The Paradox of Choice in Nonprofit Technology

ChoiceNTEN’s annual nationwide Nonprofit Technology Conference (NTC) just wrapped up down the street from our office in DuPont, and the experience, enlightening though it was, reminded me of how difficult it can be for nonprofit professionals to navigate the technology world on their own as it expands at breakneck pace.

While I toured the exhibitor area at NTC, taking a break from chatting with attendees from behind the 501cTECH table, I was struck by just how many options these nonprofits were given for technology services. There were rows upon rows of vendors, each promoting their own donor management systems, accounting solutions, content management systems, and so on.

If these conference-goers were anything like the many nonprofit people I know, then they understood their goals or problems, how much they could spend to achieve or fix them, and not much else about the solutions available.  It would be next to impossible for someone in a non-technical role at a nonprofit to spend the amount of time it takes to properly research all the available options to fulfill an IT need.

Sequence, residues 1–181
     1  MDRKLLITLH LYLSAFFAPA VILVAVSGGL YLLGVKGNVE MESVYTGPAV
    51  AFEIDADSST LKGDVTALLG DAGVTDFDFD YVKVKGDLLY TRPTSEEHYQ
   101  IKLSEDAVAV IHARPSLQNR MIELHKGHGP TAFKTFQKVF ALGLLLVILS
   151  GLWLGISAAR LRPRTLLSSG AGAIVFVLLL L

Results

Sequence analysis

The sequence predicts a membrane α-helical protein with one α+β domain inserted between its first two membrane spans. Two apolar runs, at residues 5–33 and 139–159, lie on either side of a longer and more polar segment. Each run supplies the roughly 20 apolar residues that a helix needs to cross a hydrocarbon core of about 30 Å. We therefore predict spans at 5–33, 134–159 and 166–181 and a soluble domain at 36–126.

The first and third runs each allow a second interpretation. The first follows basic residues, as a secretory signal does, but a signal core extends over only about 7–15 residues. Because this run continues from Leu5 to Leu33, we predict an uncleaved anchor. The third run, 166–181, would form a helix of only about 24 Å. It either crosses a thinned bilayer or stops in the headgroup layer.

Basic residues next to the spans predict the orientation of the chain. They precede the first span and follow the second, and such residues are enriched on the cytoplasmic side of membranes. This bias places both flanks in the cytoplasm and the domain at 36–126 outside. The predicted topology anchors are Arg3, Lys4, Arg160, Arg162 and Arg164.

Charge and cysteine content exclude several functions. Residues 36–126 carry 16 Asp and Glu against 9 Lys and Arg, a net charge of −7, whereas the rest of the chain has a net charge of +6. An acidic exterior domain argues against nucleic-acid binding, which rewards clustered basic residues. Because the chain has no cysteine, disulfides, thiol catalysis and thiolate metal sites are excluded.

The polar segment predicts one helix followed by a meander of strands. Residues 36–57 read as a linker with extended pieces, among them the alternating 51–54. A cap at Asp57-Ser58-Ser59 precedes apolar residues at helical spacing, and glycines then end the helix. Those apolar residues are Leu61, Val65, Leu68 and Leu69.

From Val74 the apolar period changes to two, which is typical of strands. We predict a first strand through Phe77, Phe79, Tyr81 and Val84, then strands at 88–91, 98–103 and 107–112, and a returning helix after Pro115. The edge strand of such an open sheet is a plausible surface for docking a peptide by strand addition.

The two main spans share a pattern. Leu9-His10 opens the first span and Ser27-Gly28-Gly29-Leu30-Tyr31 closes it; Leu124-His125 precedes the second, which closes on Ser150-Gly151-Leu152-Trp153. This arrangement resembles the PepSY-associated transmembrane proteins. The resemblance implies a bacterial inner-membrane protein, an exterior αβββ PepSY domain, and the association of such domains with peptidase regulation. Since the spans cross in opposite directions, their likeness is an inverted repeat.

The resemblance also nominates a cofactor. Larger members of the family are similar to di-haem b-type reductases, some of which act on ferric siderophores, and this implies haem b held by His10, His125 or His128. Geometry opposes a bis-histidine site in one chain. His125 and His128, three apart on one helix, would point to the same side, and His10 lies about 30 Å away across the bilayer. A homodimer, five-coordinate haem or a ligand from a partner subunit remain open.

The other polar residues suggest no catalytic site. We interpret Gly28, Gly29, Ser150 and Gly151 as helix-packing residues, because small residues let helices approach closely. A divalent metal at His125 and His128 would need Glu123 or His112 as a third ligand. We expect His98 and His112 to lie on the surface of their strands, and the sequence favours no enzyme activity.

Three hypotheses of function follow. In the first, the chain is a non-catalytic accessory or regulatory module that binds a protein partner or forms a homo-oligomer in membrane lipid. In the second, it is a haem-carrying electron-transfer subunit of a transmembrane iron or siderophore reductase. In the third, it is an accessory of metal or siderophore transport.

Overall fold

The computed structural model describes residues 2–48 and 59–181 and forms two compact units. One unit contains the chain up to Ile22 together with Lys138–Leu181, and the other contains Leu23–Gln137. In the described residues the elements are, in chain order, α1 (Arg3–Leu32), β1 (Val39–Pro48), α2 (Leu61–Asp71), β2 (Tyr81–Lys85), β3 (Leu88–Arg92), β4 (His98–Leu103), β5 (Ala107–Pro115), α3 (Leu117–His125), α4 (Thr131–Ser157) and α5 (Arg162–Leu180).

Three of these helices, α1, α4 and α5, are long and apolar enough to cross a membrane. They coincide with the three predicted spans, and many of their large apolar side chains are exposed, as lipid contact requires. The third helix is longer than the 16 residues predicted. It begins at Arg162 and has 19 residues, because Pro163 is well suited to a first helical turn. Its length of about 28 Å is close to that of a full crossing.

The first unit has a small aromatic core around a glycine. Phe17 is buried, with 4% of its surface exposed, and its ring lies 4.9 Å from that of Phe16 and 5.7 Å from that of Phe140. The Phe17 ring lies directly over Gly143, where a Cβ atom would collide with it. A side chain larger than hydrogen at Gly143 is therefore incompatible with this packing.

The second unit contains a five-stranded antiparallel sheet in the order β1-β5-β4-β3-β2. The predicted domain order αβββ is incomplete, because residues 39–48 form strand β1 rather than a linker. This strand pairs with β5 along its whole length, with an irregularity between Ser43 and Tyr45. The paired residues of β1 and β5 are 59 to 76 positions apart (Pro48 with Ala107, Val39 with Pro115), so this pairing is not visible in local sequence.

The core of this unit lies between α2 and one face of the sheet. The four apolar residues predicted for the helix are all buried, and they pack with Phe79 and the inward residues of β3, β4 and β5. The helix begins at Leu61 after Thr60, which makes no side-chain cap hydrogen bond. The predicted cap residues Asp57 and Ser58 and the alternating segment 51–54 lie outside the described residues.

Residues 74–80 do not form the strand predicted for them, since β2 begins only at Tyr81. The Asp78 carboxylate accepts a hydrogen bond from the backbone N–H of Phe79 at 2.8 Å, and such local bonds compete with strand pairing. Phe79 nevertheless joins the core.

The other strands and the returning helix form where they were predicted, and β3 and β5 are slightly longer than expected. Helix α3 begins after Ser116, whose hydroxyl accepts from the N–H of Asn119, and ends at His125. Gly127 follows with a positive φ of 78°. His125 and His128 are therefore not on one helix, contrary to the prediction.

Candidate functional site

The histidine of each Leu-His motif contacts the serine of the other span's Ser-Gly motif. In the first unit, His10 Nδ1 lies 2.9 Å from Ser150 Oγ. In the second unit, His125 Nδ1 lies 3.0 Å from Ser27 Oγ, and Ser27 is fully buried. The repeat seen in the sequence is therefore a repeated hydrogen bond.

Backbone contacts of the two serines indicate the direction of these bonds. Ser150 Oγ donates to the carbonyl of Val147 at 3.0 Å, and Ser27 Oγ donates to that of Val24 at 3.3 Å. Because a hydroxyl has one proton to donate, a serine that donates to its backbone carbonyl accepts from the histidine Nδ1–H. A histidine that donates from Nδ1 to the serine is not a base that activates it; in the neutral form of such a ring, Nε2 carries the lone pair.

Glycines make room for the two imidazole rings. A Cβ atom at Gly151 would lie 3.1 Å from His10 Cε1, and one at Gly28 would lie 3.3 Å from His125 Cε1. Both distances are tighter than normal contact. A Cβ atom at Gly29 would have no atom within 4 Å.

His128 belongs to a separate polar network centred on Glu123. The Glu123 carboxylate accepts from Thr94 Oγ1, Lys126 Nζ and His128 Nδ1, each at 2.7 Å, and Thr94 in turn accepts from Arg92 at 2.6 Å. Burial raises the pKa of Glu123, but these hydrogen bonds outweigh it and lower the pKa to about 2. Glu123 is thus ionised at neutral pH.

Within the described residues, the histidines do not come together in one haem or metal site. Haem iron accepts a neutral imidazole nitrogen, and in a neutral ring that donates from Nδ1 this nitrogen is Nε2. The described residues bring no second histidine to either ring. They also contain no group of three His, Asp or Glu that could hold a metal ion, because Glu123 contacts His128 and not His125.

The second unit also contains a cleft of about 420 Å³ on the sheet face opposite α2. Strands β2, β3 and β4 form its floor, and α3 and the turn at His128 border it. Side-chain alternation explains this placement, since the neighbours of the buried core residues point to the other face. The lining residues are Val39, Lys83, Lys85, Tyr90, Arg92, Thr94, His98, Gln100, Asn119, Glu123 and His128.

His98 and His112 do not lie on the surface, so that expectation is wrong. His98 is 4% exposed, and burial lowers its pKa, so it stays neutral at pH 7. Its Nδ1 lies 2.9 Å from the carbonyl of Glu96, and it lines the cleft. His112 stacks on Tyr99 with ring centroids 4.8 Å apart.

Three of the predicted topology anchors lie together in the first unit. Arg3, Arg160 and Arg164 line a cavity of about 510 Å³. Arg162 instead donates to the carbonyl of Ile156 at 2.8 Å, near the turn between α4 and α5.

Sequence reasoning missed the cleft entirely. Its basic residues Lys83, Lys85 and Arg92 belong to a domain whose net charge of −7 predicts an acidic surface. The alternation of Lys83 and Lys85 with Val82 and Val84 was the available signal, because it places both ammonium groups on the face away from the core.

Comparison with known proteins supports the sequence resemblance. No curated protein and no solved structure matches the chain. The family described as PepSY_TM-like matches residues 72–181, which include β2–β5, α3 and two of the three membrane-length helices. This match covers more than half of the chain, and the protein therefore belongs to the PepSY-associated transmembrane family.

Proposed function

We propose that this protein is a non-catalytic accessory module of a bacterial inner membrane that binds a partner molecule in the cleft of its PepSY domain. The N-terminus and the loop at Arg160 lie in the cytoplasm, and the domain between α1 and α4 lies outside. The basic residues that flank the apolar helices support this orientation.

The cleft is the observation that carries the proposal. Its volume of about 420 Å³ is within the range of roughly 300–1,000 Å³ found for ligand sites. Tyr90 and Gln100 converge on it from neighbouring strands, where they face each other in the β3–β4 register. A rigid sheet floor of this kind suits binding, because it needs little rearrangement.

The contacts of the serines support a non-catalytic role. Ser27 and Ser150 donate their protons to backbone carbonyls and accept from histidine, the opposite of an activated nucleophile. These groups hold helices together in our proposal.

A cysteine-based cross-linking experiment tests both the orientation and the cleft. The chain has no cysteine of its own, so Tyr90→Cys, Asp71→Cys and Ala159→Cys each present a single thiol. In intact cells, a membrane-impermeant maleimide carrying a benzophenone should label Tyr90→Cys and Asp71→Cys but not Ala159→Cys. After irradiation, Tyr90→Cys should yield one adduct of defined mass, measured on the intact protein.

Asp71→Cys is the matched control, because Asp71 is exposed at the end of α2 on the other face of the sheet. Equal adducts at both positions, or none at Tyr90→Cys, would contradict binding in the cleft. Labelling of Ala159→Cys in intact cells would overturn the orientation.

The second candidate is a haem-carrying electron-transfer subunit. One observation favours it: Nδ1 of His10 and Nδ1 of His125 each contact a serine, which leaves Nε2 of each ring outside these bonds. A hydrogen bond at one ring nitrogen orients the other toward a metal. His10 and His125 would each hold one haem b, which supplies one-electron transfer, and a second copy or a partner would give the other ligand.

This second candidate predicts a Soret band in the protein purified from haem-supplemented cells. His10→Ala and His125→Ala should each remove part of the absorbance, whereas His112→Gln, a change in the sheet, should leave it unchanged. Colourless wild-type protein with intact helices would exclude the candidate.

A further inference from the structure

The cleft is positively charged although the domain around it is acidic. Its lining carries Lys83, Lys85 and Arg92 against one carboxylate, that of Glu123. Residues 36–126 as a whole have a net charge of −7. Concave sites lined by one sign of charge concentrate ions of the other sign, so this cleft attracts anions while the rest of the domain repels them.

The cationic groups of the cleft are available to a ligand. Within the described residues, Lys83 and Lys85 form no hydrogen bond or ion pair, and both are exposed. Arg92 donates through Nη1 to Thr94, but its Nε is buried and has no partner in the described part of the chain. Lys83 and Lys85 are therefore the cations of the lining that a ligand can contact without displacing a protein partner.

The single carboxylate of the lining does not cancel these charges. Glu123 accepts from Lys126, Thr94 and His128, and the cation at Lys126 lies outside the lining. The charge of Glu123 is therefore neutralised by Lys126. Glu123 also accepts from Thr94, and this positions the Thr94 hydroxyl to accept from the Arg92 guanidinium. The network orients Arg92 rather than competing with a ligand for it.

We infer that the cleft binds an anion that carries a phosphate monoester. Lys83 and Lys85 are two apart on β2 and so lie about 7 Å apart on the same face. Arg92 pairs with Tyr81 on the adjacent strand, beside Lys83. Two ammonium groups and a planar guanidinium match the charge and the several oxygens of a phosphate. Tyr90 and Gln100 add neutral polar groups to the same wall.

This proliferation of technology is exciting to those of us here who live and breath it, but to someone just looking for an efficient way to manage their nonprofit's donor database, track expenses, or manage a website, it probably feels a lot like a harrowing expedition into uncharted territory.

Julie Chapman is 501cTECH President & CEO Julie Chapman is the President & CEO of 501cTECH

The number of options will only continue to increase, and with it, the difficulty of choosing the best solution for your nonprofit.

In the end, organizations that successfully leverage technology will be the ones that have strong advocates who can help them effectively navigate the overwhelming options. We pride ourselves on being that advocate for our clients.

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